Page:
Emily Badger, a current Washington Post reporter and former Oregonian intern, will speak at the #ELGL14 annual conference Oct. 17. Schedule that Friday off now and be ready for registration— Badger takes the podium at 3:45 p.m.
I’m Josh Gregor (you might remember me from Josh’s Job Search) and I’ll be taking on the role of Badger’s hype-man for the next 30 days. I will be posting at least one of her pieces every day to generate buzz and get people excited for #ELGL14’s exceptional guest speaker.
Things you should know about Emily Badger (Spoiler alert: her resume is extremely impressive)
- First, Emily Badger is an ambitious thinker and a first-rate journalist.
- Badger earned her Masters of writing in creative nonfiction from Johns Hopkins in 2013.
- Like a writing nomad, Emily has lived in Chicago, Portland, Cleveland, Orlando, Tallahassee, Paris, Norfolk, Atlanta. She currently lives in Washington D.C.
- She has spent more than half of the last 15 years in a press box covering various sporting events (Unconfirmed, although it probably felt that way to her at times).
- Badger has an eyebrow-raising amount of accolades for excellence in journalism.
- Badger has freelanced for more than 20 media outlets in print and online.
After years covering Florida State Football Emily most likely gives a daily salute to her Deion Sanders poster, but for the most part it would seem, her focus and talents have shifted from sports writing to economic and domestic policy. What bad luck for any Seminoles fan waiting to read about the next “Prime Time” but fantastic fortune for those of us interested in trending topics concerning all things local government. I for one am excited to explore some of Emily’s brilliant content and discuss it with all of you.
30 Days of Badger – Day 1
The Anxiety of the Forever Renter
In a previous interview with sarahhellems.wpengine.com in May of 2013, Badger talked about The Anxiety of the Forever Renter, a personal essay she wrote back in 2011 that “provoked a wide variety of reaction from readers.” Since the purpose of this series is to generate buzz about Emily’s upcoming appearance at #ELGL14 I thought it’d be appropriate to start it off with that piece Emily did for CityLab.
Take a few minutes to read this well-written article and spend some time browsing some of the responses she received in the comments section.
You can consider yourself lucky nowadays if you graduate from college with less than $25-$30,000 in student loan debt and if you can beat that six-month benchmark for landing a job after school. Chances are mom and dad have postponed their plans to remodel your childhood bedroom into their exercise room because it’s instead going to be your job-hunting command-center. There are a lot of steps between starting your post-college stage of life and homeownership. For me, the decision to become a homeowner will always be about two things: my levels of comfort and independence.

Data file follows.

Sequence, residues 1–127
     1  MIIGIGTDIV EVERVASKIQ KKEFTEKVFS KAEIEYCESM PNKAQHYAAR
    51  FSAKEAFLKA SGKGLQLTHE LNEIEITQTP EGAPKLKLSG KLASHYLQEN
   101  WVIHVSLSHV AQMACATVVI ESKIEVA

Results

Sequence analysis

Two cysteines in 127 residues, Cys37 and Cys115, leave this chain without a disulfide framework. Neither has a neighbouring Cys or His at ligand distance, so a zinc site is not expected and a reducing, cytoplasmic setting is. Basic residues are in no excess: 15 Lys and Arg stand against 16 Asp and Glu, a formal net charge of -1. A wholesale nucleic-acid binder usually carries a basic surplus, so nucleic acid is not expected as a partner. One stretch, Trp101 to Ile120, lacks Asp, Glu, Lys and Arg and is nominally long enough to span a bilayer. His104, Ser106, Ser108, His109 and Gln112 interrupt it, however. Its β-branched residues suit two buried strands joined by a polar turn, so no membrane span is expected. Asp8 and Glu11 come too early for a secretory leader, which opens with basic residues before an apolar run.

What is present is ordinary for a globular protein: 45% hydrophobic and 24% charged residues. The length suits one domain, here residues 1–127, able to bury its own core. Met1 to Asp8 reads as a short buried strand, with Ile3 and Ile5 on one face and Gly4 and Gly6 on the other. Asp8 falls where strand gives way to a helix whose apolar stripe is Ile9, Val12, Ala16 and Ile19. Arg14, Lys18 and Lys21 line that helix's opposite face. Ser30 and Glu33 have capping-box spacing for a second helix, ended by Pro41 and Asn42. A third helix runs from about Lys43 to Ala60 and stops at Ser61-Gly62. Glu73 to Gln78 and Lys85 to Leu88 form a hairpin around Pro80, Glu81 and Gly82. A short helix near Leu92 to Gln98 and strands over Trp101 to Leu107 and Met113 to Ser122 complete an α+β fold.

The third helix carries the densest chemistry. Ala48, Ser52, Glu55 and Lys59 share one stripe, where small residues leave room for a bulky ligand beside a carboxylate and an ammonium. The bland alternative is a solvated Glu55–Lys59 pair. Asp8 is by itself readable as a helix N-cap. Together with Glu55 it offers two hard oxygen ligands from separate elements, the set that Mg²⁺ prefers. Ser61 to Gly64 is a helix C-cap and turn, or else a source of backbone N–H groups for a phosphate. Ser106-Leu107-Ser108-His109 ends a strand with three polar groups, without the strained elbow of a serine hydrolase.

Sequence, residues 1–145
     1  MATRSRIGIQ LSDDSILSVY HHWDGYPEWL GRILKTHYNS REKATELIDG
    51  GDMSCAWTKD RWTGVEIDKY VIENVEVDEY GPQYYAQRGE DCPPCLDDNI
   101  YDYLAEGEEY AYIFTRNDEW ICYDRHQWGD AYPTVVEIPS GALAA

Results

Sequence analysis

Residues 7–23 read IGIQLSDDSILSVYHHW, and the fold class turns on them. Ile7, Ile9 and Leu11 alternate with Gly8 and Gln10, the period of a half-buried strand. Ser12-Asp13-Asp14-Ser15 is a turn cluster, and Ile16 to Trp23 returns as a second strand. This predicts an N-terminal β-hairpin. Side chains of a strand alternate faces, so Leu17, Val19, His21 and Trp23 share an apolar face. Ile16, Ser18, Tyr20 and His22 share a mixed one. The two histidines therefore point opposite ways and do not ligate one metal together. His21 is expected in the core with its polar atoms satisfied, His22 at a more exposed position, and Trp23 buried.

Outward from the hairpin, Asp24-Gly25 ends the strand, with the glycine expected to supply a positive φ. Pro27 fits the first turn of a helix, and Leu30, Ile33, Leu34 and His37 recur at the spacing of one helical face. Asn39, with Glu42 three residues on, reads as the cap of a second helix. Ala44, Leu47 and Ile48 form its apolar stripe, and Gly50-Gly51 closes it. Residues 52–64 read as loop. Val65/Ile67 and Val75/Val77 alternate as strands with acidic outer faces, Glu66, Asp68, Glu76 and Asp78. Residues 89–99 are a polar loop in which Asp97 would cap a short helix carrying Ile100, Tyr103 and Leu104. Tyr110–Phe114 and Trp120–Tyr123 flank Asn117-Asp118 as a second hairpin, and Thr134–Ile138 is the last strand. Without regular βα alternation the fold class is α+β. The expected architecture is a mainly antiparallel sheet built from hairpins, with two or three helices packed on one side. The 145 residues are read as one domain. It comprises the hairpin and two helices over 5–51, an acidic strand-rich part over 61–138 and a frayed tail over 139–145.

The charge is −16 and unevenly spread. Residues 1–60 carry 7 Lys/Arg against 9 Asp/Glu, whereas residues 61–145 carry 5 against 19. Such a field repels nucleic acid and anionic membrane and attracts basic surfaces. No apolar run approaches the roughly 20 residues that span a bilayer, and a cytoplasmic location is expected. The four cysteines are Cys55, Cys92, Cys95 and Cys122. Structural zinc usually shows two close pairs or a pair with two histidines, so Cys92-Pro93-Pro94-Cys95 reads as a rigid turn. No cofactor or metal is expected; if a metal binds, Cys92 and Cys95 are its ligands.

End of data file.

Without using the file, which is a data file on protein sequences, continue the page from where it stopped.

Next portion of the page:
My older sister was gracious enough to allow me to live at her house rent-free when I finished school. Even months after I found a job, I was still living and car-pooling with her and at that time, paying a small portion of the bills. This allowed me to build up a savings and set aside some emergency money. When my dad’s job relocated him down to Eugene, I chose to live in the home they own in St. Helens in order to help the transition go smoothly. It is a nice balance of being a renter and a homeowner. I have enough comfort and independence to fix stuff if it breaks and my girlfriend and I can grow a garden, own a dog and all the other wonders that come with living in a house.
The two friends I have who are 20-something homeowners had similar paths to making that decision. Both of them spent significant time living at home with their parents while growing in their careers. This allowed them time to establish a savings large enough to make a sizeable down payment on their homes and to ensure they were comfortable enough in their jobs to make that leap.
I have never viewed the decision to move back in with family as a shameful one, I see it as a cultural shift toward achieving a comfort and independence quicker than you would if you were handing your paycheck over to a landlord every month. It will always vary from person to person, but is renting any more cost effective than owning?
I do not plan on living and commuting 30 miles into Portland forever, but at this time I’m not willing to sacrifice my comfort and independence out here to cramp my dog, my girlfriend and I into an apartment or condo in the city. I don’t like the thought of looking forward and not seeing myself as a homeowner. I don’t even like the thought of looking forward and not seeing myself with two or three rental properties, for that matter.
Have your own thoughts on this article? Let’s keep the conversation going below or find me on Twitter: @joshg22.